Vessels are the pipes where the blood flows through. Their purpose is to supply blood that carries oxygen and other nutrients to the multiple tissues in the body. Tissues survival depends directly on sufficient blood supply being delivered depending on the dynamic oxygen requirements of the various tissues. The vessels that carry the blood from the heart to the periphery are called arteries. The vessels that bring the blood back from the periphery to the heart are called veins. The vessels branch pretty much like a tree from the heart to the periphery. At the level of the wrist there are two main arteries that supply most of the blood for the hand. Two main veins exist that when injured or occluded, will have new veins regenerate as long as the hand has at least one sufficient vein for outflow. When a vein is injured, the blood flow is interrupted and the blood loss can be sufficient enough to risk a person’s life. If only one artery is injured, the other artery if normal has sufficient blood supply to keep the tissues alive in the hand. On occasion, one artery may not be sufficient to provide enough blood supply to the whole hand because of underlying disease and in this instance, ischemia and tissue necrosis with loss of digits will occur. When the two main arteries have been transected about the wrist, it is imperative to re-establish blood flow in a timely fashion to prevent tissue death.

Treatment

Nerve and Vessel (arteries and veins) lacerations about the hand require repair with microsurgical techniques that involve the use of magnification with a microscope, special instruments called jewelers instruments and very fine suture that cannot be handled by the naked eye. The use of a microscope results in accurate repairs and excellent functional outcomes. These techniques require a fellowship in special microsurgery training done in many hand surgery programs. Although a plastic surgeon has microsurgical training, they are not trained to fix or reconstruct complex injuries requiring, bone, tendon, nerve, artery, and vein repairs. This holds true for orthopedic surgeons and general surgeons.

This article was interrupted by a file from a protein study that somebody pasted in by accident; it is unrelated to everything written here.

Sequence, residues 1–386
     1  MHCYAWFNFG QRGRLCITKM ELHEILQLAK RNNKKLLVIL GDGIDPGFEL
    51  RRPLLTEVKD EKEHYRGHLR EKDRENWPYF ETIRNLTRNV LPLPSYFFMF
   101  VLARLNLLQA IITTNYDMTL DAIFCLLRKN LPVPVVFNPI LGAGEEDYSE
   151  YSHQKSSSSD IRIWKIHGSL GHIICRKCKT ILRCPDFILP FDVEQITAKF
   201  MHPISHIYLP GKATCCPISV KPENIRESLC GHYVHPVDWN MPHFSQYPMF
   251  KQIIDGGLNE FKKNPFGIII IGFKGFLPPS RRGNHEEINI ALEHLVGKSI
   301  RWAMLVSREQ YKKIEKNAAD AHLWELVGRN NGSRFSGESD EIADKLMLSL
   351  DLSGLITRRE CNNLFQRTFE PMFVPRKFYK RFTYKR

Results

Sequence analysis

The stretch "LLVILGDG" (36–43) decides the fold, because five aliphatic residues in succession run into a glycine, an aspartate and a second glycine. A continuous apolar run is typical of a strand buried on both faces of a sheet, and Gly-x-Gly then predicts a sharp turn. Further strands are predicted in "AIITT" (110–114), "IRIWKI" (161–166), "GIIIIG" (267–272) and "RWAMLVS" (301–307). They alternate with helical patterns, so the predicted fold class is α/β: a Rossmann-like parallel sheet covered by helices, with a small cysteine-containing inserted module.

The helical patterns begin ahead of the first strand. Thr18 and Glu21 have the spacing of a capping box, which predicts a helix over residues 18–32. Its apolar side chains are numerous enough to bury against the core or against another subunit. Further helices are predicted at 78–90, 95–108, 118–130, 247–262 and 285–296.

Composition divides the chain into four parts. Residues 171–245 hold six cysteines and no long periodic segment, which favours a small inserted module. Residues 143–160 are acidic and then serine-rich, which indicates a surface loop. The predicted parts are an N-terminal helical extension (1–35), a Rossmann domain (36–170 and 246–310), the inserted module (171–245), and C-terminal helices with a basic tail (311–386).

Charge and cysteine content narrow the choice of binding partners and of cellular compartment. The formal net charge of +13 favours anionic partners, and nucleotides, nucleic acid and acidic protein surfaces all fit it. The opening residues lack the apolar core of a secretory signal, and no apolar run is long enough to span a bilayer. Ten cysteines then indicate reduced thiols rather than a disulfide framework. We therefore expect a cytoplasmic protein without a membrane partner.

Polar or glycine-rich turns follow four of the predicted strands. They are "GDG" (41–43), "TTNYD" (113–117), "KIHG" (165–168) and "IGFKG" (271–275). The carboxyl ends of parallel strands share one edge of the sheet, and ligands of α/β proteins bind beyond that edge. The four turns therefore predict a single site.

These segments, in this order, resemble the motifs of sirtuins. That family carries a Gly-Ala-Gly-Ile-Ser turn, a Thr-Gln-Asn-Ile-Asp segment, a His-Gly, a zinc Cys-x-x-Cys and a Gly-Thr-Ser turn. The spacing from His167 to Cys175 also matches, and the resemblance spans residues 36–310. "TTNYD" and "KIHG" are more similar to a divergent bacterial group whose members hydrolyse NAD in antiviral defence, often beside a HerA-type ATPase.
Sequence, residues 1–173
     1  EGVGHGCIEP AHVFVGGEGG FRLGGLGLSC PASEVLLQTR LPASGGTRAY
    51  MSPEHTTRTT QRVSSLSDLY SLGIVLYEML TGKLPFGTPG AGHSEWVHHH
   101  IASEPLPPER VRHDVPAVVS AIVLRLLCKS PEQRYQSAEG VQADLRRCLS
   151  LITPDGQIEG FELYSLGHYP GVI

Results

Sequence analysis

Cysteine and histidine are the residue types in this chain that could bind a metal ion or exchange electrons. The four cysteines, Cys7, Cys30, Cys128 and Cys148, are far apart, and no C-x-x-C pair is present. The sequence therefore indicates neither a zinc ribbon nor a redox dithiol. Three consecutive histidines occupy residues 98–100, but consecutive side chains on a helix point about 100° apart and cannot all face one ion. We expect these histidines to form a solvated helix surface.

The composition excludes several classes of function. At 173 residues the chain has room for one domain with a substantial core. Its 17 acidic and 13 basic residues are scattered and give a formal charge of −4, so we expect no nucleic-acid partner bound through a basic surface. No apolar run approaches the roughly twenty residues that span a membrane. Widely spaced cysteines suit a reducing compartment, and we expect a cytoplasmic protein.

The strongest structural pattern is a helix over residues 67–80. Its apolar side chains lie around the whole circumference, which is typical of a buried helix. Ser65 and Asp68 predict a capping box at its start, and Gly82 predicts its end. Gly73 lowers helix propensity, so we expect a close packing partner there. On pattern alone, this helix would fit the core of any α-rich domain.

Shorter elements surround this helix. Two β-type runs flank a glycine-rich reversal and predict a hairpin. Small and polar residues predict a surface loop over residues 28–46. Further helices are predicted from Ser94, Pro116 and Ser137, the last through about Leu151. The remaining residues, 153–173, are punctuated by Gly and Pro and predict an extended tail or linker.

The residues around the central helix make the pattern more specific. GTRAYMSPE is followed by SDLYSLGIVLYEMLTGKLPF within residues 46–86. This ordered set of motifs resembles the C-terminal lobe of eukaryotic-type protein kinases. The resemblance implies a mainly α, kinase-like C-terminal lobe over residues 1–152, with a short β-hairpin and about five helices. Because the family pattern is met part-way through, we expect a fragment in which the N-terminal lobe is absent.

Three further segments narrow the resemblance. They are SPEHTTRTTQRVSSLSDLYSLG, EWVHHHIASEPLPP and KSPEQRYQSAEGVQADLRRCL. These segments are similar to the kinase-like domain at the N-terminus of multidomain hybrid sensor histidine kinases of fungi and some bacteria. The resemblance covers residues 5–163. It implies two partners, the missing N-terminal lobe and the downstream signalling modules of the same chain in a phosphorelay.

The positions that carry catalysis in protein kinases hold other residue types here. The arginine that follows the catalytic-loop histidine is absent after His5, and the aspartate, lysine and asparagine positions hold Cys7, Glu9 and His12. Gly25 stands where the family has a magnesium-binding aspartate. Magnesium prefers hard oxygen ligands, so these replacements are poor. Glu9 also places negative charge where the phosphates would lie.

A nerve repair will take approximately 4 weeks for the new axons (nerve fibers) to cross the line of repair and then continues advancing at a pace of approximately 1 mm a day. Therefore, if a nerve laceration that has occurred at 10 cm proximal to the final target organ, will take approximately 100 days plus 30 more days from crossing the repair line for a total of 130 days to reach the final target organ and regain full function. The outcome for nerve repair is influenced by technical factors including; a tension free repair, proper fascicular alignment, appropriate bed, age less than 35 years, health status and smoking habits amongst others.

A vessel repair or reconstruction can be done with several techniques; however, the principles of microvascular surgery should be followed. The average percentage of success in small vessels is 95- 97 %. Patients that have had a vessel repair may have to remain in the hospital for 5 days with blood thinners and other measures to help the vessel repair remain patent.

The nerves and vessels once repaired will require of initial protection in a splint followed by early, progressive and carefully supervised motion by a hand therapist. Therapy geared to nerve repairs will include other different modalities such as nerve glide exercises, desensitization, neuromuscular re-education, bio-feedback, functional electric stimulation, sensory re-education, strengthening and splinting as indicated.